Feb 13, 2006

"You're a page four girl," my friend Andrea greets me. "I saved this."

She hands me Le Journal de Quebec. Sure enough, I'm splashing snow in a black-and-white quarter-page image. Really, next time I'm nearly naked at minus 30, I must remember not to slouch...

"I'm embarassed," I whine.

"You'll show this to your grandchildren," she insists. "Be proud. You're tough and you looked great out there."

"I just hope I'm not on the AP wire."


My issue's about control, I realize. As a member of the media since 18, I'm accustomed to editorial veto on coverage of myself. Some, at least.

A sadistic features editor once assigned me "Three Hairstyles for the Millenium". I protested; yes, I was that uppity cub reporter, a serious chronicler of science and literature and travel, not fluff.

"You, dearie, cover what I tell you to cover. Now go get groomed."

The experience was wretched. The hairdressers hand-tonged my thick, long, perfectly straight hair, starching it into crispy curls. The styling and photo-shoot took seven hours longer than expected. The final molded 'do was so plastic, I biked home through a rainstorm and it didn't even wilt.

My colleagues were much amused. "Blimey, love, you clean up well," a 65-year-old paperboy announced.

I wrote a wrathful piece about my hatred of salons and the bunny-torturing cosmetic industry. My boss ran it under a headline that said "What a Difference a Day Can Make!"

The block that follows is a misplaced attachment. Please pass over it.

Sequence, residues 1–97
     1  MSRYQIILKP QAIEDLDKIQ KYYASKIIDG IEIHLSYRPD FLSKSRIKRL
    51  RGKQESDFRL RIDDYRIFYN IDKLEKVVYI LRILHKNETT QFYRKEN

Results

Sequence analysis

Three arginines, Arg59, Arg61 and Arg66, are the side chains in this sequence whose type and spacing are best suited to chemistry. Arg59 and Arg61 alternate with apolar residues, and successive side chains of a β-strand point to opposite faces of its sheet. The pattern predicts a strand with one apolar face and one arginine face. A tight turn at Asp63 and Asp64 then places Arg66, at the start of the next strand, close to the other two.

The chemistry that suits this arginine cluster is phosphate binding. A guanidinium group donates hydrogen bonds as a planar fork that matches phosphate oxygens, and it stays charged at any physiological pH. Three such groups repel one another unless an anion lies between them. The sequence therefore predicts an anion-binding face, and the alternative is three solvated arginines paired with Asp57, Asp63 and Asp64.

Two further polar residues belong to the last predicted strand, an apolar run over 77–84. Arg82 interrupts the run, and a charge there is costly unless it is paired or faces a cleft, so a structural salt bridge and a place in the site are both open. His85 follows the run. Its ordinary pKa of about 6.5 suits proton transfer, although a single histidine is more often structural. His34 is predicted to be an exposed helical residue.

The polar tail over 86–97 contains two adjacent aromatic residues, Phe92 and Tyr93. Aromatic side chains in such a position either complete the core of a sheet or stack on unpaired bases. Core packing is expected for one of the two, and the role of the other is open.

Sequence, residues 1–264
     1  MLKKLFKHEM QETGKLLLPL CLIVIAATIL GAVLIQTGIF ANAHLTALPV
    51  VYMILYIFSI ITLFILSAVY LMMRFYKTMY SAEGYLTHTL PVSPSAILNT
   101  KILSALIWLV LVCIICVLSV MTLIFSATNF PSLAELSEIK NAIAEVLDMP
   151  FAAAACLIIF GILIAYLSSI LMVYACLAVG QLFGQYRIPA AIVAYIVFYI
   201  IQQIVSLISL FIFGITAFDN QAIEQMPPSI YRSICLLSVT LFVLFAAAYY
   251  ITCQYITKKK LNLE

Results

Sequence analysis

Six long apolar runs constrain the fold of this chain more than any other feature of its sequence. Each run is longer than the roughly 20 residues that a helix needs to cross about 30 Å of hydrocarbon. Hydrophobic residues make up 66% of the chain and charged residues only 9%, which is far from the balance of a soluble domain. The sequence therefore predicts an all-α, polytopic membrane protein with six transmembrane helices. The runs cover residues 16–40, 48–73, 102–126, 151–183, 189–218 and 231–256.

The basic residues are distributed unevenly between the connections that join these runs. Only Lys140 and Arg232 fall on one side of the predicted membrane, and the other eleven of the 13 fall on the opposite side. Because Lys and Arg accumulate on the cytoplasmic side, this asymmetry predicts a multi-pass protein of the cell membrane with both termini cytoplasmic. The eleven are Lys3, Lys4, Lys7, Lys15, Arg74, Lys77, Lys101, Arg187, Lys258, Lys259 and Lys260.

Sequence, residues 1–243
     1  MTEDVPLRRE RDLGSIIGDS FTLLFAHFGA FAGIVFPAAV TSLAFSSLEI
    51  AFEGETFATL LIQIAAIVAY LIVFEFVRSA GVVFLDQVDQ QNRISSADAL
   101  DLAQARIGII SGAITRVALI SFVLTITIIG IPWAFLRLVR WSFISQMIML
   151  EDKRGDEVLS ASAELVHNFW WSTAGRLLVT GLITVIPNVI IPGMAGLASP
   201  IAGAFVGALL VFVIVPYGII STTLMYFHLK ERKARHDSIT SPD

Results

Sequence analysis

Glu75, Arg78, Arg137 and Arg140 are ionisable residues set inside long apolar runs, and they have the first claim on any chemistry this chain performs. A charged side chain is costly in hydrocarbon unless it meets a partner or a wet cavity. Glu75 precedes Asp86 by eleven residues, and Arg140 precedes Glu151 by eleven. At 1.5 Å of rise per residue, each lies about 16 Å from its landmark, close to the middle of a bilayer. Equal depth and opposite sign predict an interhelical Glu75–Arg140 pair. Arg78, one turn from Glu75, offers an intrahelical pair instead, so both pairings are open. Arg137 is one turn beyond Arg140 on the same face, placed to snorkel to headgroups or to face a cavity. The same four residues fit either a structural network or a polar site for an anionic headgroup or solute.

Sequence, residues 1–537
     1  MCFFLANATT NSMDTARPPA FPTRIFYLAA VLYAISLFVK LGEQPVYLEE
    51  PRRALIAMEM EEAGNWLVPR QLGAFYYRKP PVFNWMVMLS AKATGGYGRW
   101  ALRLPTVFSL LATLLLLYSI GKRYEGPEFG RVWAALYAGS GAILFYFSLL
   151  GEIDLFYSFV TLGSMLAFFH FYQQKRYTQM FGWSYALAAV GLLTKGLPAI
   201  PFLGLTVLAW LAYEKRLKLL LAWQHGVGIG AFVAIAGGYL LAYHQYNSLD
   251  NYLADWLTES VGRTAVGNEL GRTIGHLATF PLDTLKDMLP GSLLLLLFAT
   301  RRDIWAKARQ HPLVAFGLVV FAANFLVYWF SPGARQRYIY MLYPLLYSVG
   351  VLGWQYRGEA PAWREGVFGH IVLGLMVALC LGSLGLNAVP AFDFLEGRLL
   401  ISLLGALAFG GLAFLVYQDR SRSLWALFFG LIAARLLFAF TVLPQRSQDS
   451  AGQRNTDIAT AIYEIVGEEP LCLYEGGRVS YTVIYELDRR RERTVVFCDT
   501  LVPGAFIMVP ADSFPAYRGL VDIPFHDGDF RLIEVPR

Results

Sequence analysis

"Erm, Fiona. This title doesn't match my angry-young-woman text."

"Do you think you know how to write headlines better than me? I'm Assistant Features Editor!"

"Well, maybe you could read the story beforehand? So there's a vague connection between the two?"

No dice. So readers of the Oxford Mail were treated to schitzophrenic double-page spread: my rant, her rave, plus photos of various Merchant-Ivory upsweeps (so very 2000).

Worse yet, I passed the front-page designer's terminal. My picture simpered above the masthead. The text beside it blared, "how to get a head for the holidays."

"That's a bit suggestive," I offered. "Maybe get rid of the innuendo?"

My colleague wheeled around and snapped: "You're such a Yank feminist. I'm sure whoever this bimbo is, she doesn't care."

The bimbo minds. Yes indeed.

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